OAKLAND, Calif. (AP) — Warriors center Andrew Bogut insists he will no longer even attempt to guess when he might return to the court for Golden State, saying only that he is out "indefinitely." He plans to leave it that way until the day he is running layup drills to warm up for a game.
Nope, no more predictions or expectations from him — or his team — about when he might play only to have the timeline pushed back because of further issues with his surgically repaired left ankle.
"It's basically come down to saying indefinitely, because questions just keep coming up," Bogut said Thursday night before the Warriors hosted Denver. "One day I'm just going to pop up and play and not tell anybody about it. At this point, because it's a distraction. We're 8-6 right now and everybody's talking about me. We're playing the best basketball we have in probably the last five years as an organization."
The Australian center told the San Francisco Chronicle on Tuesday that his April ankle procedure was more extensive than was let on: It was actually microfracture surgery. General manager Bob Myers then acknowledged the surgery Wednesday, insisting the team didn't intend to mislead anyone by describing the procedure as only to clean out loose particles and bone spurs.
He publicly apologized Thursday night to anyone who might have questioned how the situation was handled.
"I'm fine with it. I have no dramas, no problems, with the way it's been handled," Bogut said. "People's perceptions are always going to take its toll. I think Bob's a little frustrated with it. He keeps asking me, 'Are you good?' They've been nothing but supportive. If anything I've probably been a little silly trying to come back a little earlier than I should have."
Bogut, the No. 1 overall draft pick in 2005 out of Utah, missed the entire preseason and has played in just four games so far for the Warriors. He is averaging 6.0 points and 3.8 rebounds in 18.2 minutes.
The 7-foot Bogut was acquired in a trade from Milwaukee on March 13 that sent high-flying guard and fan favorite Monta Ellis to the Bucks. Bogut broke his ankle last Jan. 25 while with Milwaukee when he landed awkwardly against Houston, then missed the rest of the season.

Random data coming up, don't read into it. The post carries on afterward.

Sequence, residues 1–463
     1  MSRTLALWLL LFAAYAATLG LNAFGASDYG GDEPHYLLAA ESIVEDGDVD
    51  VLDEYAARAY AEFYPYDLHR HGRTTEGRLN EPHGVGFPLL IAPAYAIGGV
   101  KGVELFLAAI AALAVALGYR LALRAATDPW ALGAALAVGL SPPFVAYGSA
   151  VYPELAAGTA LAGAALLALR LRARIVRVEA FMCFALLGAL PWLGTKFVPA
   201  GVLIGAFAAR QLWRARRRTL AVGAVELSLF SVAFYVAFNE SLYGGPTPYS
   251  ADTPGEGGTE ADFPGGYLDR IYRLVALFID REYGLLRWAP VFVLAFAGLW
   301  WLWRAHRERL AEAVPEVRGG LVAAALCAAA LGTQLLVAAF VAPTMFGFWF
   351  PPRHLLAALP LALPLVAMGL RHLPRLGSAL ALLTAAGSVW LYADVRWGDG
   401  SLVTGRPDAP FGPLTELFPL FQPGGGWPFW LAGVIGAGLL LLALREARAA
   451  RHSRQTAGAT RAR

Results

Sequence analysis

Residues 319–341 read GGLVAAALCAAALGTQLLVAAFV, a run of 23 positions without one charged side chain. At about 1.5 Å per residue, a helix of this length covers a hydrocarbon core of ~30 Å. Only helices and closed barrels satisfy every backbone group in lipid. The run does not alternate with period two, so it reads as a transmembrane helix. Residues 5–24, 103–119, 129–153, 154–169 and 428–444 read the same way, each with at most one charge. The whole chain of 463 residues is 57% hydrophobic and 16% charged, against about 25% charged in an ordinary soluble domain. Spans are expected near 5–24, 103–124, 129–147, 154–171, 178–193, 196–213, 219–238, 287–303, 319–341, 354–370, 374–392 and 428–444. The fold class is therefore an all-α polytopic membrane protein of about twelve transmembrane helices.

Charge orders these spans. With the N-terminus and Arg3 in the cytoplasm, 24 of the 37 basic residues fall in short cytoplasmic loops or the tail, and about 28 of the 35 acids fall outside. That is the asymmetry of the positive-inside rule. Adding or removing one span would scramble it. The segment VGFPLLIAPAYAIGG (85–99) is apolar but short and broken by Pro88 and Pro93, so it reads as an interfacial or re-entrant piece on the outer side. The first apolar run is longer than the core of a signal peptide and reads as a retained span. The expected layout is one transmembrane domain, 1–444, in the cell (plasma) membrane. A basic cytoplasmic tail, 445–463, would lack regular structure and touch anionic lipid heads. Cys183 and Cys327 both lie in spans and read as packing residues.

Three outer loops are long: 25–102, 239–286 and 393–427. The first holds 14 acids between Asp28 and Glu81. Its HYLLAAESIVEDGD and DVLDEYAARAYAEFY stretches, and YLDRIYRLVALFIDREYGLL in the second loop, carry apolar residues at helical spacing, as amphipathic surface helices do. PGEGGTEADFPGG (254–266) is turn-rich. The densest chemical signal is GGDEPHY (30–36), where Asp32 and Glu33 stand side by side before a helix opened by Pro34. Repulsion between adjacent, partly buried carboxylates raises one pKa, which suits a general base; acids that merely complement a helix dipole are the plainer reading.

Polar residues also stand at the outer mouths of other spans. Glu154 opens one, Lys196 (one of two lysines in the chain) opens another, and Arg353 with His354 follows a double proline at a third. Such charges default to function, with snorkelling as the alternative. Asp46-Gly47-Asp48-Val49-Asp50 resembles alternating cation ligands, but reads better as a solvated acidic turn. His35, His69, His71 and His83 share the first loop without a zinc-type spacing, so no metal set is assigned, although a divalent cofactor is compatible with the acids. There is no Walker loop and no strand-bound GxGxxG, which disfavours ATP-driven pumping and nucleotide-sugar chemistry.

"Obviously, I was an integral part of the trade but it shouldn't be about me right now," Bogut said. "It's a frustrating injury for me mentally. No doctors, surgeon, our trainers, anybody, can say, 'This is your day.' It's just not realistic, and I can't even circle a day on my calendar right now. I'm just stuck in the realm of, I do what I can and when it's ready, it's ready."
He recently spent time rehabbing in Los Angeles under the supervision of Dr. Richard Ferkel, who performed his surgery. Earlier this month, the Warriors said they expected Bogut would be sidelined a week to 10 days. Last week they hoped he would be ready to return to practice Monday, but that didn't happen.
This is just the latest injury drama to plague Bogut during his career. He missed the end of the 2009-10 season when he dislocated his right elbow, sprained his right wrist and broke his right hand in a hard fall to the floor. The injury bothered him for much of last season.
Bogut, averaging 12.7 points, 9.3 rebounds and 1.6 blocked shots for his career, also missed significant time with an injured lower back in the 2008-09 season.
And for anybody questioning how seriously Bogut is taking his own recovery, he points out he isn't even walking his two Husky dogs in an effort to keep any extra pressure off his ankle, and "it's killing me."
"I get home at 4 o'clock and I'm icing three or four times before I go to bed," he said. "I'll keep working at it every day. Once it's right, it's right. It's not a little injury I'm bouncing back from. Another thing is guys who have bounced back from this injury aren't 265-270 pounds and 7-feet tall. That doesn't work in my favor right now. That's a lot of load to put on an ankle."